A Katahdin is awarded, according to the Totally Official SDC Scoring System, for "special contributions to the competition", or whenever the Panel feels like it. The names below are those people whose Doldrumship above and beyond the call of duty the Panel has thought worthy of recognition.
Rowan Dingle earns points for his show of linguistic legerdemain on Question 6:
>Cars! One car can be acquired by saving one's pennies and one's dimes. The
>other car requires one to save all one's money. Please identify these two cars.
(a) A coinvertible.
(b) A Dodge taxi.
Question 10 asked for the modern English term for the Scottish quarter day whose Anglo-Saxon name meant "loaf mass". A scant forty minutes later, Richard Fontana shot back his answer: "Lammas". The Panel determined that the Totally Official correct answer had to include mention of the name actually used for the day most often in modern English (viz., "the first of August" or the like), but in recognition of Richard's Almost Totally Correct answer, he was awarded a Katahdin.
Question 19 offered Extra Credit to anyone who could name "any other modern athletes who have provided eponyms to modern English." The following competitors earned a Katahdin each for their extra effort:
Axel Paulsen; English term "axel". As M-W says:
Main Entry: axel
Pronunciation: 'ak-s&l, 'k-
Usage: often capitalized
Etymology: Axel Paulsen died 1938 Norwegian figure skater
: a jump in figure skating from the outer forward edge of one skate with 1
1/2 turns taken in the air and a return to the outer backward edge of the
Dick Fosbury and Axel Paulsen were named. In figure skating alone
there are also Dorothy Hamill (Hamill camel [spin]), Denise Biellmann
(Biellmann spin), Alois Lutz (Lutz [jump]), Ulrich Salchow (Salchow
[jump]), and Brian Boitano ("Tano" jump).
Dick Fosbury and his flop, Ulrich Salchow, Kurt Thomas and his flair,
Mitsuo Tsukahara, Natalia Yurchenko, Eberhard Gienger, Alexandra
Timochenko, Mitch Gaylord, Aleander Tkatchev, and probably a bunch of
other gymnasts. I would probably also add Babe Ruth, for "Ruthian".
Evan also earns a Katahdin for his well-researched, thoroughly argued, and Totally Complete answer to Q26:
The web site for the overall agency in the US, the United States
Postal Service, links to a page titled "Post Office Locator" which
Here's the place to find a Post Office.
Your search starts by entering your street address and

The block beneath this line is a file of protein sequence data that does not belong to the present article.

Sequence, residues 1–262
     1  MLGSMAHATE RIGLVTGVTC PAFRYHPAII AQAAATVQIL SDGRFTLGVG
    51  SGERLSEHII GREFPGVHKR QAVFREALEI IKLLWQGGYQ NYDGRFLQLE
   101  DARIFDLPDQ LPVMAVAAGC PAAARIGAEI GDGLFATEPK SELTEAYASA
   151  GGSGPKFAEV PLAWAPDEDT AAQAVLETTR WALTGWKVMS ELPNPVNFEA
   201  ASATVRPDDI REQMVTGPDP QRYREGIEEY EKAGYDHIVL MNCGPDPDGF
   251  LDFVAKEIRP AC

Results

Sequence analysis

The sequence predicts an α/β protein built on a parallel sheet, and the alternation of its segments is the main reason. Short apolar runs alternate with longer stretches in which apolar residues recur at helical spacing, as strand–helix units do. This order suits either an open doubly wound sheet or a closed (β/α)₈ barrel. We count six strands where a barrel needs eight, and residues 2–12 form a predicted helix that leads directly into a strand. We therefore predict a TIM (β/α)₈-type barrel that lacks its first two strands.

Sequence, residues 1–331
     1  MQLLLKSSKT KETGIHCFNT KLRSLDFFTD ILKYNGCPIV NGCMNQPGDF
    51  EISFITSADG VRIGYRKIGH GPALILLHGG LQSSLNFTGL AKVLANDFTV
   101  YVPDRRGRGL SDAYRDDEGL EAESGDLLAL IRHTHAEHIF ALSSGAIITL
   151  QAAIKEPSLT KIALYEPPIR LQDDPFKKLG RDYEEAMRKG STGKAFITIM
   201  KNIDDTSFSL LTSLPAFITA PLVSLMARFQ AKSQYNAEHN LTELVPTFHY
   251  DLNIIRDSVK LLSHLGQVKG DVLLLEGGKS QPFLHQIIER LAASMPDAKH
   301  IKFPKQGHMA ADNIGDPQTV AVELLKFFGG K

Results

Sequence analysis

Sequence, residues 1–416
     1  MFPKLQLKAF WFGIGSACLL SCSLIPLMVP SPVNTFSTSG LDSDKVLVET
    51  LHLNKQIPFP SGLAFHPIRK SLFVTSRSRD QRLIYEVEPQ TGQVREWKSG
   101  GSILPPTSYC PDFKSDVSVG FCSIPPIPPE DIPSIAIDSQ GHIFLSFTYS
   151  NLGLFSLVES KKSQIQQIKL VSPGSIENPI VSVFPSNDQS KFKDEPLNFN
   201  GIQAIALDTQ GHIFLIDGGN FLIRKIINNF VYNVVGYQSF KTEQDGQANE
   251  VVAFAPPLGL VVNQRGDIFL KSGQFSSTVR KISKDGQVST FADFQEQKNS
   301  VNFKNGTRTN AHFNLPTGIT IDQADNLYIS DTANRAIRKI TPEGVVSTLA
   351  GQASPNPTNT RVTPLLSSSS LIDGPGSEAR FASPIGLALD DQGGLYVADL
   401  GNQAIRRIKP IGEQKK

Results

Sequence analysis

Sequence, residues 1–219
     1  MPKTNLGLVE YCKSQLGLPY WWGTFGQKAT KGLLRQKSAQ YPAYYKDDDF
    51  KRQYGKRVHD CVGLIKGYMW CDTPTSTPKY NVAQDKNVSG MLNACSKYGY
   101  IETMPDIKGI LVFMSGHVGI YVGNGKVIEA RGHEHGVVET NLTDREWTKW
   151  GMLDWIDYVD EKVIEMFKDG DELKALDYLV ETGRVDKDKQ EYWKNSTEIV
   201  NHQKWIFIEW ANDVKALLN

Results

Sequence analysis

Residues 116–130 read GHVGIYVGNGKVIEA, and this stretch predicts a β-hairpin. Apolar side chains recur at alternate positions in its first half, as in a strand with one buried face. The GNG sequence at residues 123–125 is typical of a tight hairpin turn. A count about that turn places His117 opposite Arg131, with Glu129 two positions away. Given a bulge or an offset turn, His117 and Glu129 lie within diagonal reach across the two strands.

city. Select the number of miles from your location. In addition,
you can choose a list or map of the Post Office locations.
So I'd say that the first is correct.
On the other hand, they also have a glossary, which says
post office (PO) -- The basic organizational unit of the
USPS. Generally, each post office has primary responsibility for
collection, delivery, and retail operations in a specific
geographic area. Each year, these units are categorized by
revenue and mail volume.
They also list "post office box", "post office branch", and "post
office station" similarly capitalized. So I'd say that the second is
On Question 39, John O'Flaherty unwittingly hit the correct answer at the same time as he perpetrated a Snappy Comeback in classic style, earning a Katahdin for his finesse:
> Which is preferred these days: "define" or "const"?
Const. Defineipated is too hard to spell.
Although Peter Morris's answer was adjudged Totally Correct, Richard Fontana wins a world-record third Katahdin for being the first person to arrive at the Totally Official right answer for Question 39 by actually understanding the question:
The answer is clearly "const". "define" -- not to be confused with the C
preprocessor command "#define", which many other responders to this
question seem to have done -- is a keyword in the Lisp dialect Scheme,
which cannot be considered a language that is relatively "preferred these
Joe Manfre scientifically determined that Toughie 5 has taken a trip through Photoshop 3.0 at some point. For his investigative intrepidity, the Panel awarded him with a Katahdin.